Differences in bud killing among the varieties were found to be very striking (Table 2). There was some killing in nearly all groups, classes, or varieties of the evergreen or semi-evergreen types, but some groups were more severely injured than others. Varieties of the Macrantha and the Indica groups were very severely injured. The Pericat hybrids were also severely injured, although some of these in shade came through with little injury. The Gable and the Glen Dale relatively little injured. The Kurumes were somewhat intermediate and variable as to location.
Generally the semi-evergreen types were less injured than the completely evergreen varieties, but there were exceptions in nearly all groups. As an example the variety, 'Spring Time', an early blooming Gable hybrid, nearly deciduous, was almost totally killed. 'Glacier', a fully evergreen type, suffered only a small amount of injury. 'Vitata Fortuneii' and 'Daphne Salmon' in the Indian group were not badly injured, nor was 'Rhythm' in the Pericat group. Only two varieties of Kampferi hybrids are here recorded, neither of which were injured but certain other unidentified varieties of the group were partly or totally killed.
In summary, it may be noted that of the varieties of the larger groups, the Gables had 3 out of 12, the Glen Dales 2 out of 8, the Kurumes 9 out of 19, the Pericats 7 out of 8, the Indians 4 out of 5, and the Macranthas 9 out of 9 with more than 10 per cent of their flower buds killed.
The difference due to position, whether in the shade or in the open, was also sometimes striking. Generally there was less killing in plants growing under the protection of overhead branches of trees than was the case of plants grown in the open. However, in the case of 'Snow', the reverse was true. Some varieties suffered no injury in either open or shaded positions while others were killed in both positions.
There are many other factors than shade or sun that may influence the degree of injury by cold. The question arises as to what effect the fertilization with ammonium sulphate may have had. This question cannot be answered in this case as all but a very few plants received the fertilizer at the same rate in so far as was possible by hand application. It is believed that the bud-killing would have been nearly the same had no fertilizer been used. The fertilizer was applied early and the new growth was well matured early in the fall. The plants were not unusually succulent, and the fact that the woody parts of the plants suffered no injury would indicate that the nitrogen supply was not excessive. The same reasoning may be applied to the use of the mulch.
In general, neither the age nor size of the plants seemed to make any difference in the amount of injury. With a number of varieties there were plants of several sizes often the large and small growing side by side. One might expect this result as all the plants of a particular variety seemed equally mature or dormant in early November just before the cold periods. Since the vegetative parts of the old and young plants appeared equally mature, the flower buds must have been equally mature also. However, it is likely that the flower buds of some varieties were further developed than those of others but no specific observations were made.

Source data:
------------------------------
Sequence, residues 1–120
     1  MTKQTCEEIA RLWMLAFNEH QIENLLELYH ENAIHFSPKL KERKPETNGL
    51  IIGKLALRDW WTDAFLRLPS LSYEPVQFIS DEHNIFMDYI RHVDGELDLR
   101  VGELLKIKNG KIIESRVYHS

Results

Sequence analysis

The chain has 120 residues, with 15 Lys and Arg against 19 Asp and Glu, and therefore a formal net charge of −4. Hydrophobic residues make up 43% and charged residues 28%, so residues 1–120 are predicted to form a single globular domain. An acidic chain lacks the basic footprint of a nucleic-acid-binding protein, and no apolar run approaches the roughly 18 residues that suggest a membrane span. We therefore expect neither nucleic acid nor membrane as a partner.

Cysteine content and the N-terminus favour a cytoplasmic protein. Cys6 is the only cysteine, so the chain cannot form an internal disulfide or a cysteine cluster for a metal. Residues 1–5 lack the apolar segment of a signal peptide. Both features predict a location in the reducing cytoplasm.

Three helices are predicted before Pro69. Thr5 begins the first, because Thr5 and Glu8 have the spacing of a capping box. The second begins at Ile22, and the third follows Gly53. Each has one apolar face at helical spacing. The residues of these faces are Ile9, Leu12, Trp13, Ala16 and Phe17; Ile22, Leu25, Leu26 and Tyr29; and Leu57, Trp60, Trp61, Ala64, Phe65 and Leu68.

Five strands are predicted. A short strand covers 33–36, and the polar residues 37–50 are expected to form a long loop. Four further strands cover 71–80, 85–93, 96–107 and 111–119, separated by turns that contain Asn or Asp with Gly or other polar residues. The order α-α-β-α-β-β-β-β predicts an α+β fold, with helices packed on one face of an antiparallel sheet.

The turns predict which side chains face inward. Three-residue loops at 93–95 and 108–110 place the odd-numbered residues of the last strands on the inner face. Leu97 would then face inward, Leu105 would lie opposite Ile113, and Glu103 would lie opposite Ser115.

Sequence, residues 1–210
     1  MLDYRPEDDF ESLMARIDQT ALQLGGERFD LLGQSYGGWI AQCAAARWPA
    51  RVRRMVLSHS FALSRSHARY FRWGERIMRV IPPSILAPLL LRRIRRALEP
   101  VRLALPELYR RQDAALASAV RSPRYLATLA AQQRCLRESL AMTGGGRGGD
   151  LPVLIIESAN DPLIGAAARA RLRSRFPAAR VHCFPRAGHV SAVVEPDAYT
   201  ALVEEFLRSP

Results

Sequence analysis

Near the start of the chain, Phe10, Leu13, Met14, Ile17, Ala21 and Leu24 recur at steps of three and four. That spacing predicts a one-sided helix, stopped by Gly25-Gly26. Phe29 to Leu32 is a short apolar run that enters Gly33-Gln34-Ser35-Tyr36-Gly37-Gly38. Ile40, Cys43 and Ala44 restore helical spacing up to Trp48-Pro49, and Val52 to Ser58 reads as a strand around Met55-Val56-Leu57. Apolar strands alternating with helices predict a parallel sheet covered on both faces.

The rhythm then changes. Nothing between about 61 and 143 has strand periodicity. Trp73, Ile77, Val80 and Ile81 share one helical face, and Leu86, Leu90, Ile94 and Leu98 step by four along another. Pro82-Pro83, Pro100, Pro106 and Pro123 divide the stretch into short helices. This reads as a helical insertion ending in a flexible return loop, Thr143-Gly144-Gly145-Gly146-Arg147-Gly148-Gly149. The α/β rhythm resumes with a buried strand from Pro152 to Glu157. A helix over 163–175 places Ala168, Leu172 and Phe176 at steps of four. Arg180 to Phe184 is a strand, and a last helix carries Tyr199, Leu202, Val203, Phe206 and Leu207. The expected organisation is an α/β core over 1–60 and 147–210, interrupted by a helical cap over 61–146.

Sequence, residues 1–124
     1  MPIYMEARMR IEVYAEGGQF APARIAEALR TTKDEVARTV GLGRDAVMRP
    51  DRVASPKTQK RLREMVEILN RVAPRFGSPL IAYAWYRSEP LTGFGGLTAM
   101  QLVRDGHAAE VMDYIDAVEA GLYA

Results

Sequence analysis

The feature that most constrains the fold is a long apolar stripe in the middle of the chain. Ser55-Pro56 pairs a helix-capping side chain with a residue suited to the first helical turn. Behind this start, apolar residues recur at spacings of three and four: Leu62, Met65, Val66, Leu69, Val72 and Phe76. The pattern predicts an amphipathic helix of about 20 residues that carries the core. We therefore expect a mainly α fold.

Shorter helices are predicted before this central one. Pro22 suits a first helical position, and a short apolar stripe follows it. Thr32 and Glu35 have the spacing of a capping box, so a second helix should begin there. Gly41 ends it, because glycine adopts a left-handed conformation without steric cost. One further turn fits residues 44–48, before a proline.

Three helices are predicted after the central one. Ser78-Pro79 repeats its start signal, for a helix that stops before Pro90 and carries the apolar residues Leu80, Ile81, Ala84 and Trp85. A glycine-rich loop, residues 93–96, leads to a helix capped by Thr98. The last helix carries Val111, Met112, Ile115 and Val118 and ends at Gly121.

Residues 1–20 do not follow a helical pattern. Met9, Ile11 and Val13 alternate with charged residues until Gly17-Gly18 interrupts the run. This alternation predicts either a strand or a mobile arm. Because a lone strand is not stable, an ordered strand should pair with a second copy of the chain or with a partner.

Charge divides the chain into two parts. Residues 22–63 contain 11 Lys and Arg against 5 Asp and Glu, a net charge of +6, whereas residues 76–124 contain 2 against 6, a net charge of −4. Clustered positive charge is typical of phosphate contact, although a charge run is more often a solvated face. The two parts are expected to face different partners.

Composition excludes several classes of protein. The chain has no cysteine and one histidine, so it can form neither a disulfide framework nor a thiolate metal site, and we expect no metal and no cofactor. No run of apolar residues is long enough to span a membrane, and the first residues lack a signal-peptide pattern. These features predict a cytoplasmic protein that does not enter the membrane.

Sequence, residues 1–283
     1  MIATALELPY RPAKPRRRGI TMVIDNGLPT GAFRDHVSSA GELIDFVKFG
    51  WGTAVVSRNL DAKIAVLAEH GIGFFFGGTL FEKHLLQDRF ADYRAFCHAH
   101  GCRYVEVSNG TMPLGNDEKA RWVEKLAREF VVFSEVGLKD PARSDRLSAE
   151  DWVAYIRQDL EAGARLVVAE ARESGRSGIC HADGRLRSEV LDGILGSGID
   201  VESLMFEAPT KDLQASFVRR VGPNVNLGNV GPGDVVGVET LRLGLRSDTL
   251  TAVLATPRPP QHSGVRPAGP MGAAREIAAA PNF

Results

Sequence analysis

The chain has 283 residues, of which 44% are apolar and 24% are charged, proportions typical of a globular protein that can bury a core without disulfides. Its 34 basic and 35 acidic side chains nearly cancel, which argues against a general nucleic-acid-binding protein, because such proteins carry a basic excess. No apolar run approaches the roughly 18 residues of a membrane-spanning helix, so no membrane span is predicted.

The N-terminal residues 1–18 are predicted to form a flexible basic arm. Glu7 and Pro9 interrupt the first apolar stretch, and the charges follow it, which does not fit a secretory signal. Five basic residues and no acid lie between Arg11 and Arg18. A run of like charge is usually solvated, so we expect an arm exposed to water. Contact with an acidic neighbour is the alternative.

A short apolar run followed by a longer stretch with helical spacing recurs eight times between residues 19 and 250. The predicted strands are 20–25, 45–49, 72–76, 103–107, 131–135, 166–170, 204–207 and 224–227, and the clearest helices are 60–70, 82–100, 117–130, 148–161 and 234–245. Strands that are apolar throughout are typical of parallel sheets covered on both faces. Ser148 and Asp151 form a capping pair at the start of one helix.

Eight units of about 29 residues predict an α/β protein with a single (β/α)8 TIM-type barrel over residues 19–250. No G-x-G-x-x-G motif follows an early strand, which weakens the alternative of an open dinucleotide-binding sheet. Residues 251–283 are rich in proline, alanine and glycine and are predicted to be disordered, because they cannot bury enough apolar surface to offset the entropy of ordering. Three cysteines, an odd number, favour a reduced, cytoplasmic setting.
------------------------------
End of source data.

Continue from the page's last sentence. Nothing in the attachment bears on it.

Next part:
In travels connected with everyday duties, the writer noted that the bud killing was pretty general in the suburban areas of Washington. In the closely built sections of the city there appeared to be very little injury. Generally, the injury seemed greater in the writer's planting than was the case in other nearby areas, probably due to a greater proportion of tender types. The plantings of the average homeowner consists principally of the hardier Kurume types. However, in general, one could note that growers that gave the plants the best care suffered the most.
It seems surprising that the late blooming Macrantha group considered to be very hardy, suffered more bud killing than most others. One would conclude that its flower buds are inherently more tender to cold than the others. This may be due in part to the state of development of the flower buds at the approach of winter. Being late flowering, one might suspect that the Macrantha flower buds set late and hence the flower structures were very underdeveloped and fragile. They would therefore be easily torn apart by the formation of ice crystals. The flowers also could have been very embryonic in character and not conditioned for such low temperatures. This also might be true with respect to different varieties in the same group. The writer is aware of no work with azaleas that would settle this point.
It is suspected that the very severe injury in all groups during this season was caused by the earliness of the cold as well as to its severity. The primordial flower structures and the protective mechanism against the cold had not time to condition the cells for the winter.
Since weather conditions are highly variable, there are, of course, many other combinations of circumstances that may cause injury in azaleas. The most common combination is a very warm period during January and February followed by a sudden cold period. During the warm period the buds start the growth and expansion that occurs previous to flowering and thus lose their resistance to cold. This results in their being killed when the cold period occurs. It should be noted that behavior of the varieties under each set of conditions might be different. Observations over a period of several years would therefore be necessary to determine the susceptibility to bud killing. The results of the writer's observations suggest that more attention should be given to the evaluation of the varieties with regard to this injury.
Injury To Deciduous Types
No injury occurred to stems or flowers of any of the deciduous types grown by the writer. These include the species nudiflorum , mollis , vaseyi , arborescens , calendulaceum , alabamense , canescens , atlanticum , viscosum , austrinum , prunifolium , serrulatum , japonicum , bakeri , and a few varieties of the Ghent, Knaphill, and, Exbury hybrids. Even azaleas from a south Georgia nursery that arrived and were planted outside in the open a few days before the cold period of December 13-20 suffered no injury. These included the species austrinum , alabamense , canescens , prunifolium and serrulatum . Most of these had flower buds that opened perfectly normally at the expected blooming time the following spring. It was concern for these plants and the examination of them that resulted in early discovering that injury had occurred to certain evergreen types along side of which the recently acquired deciduous types were planted.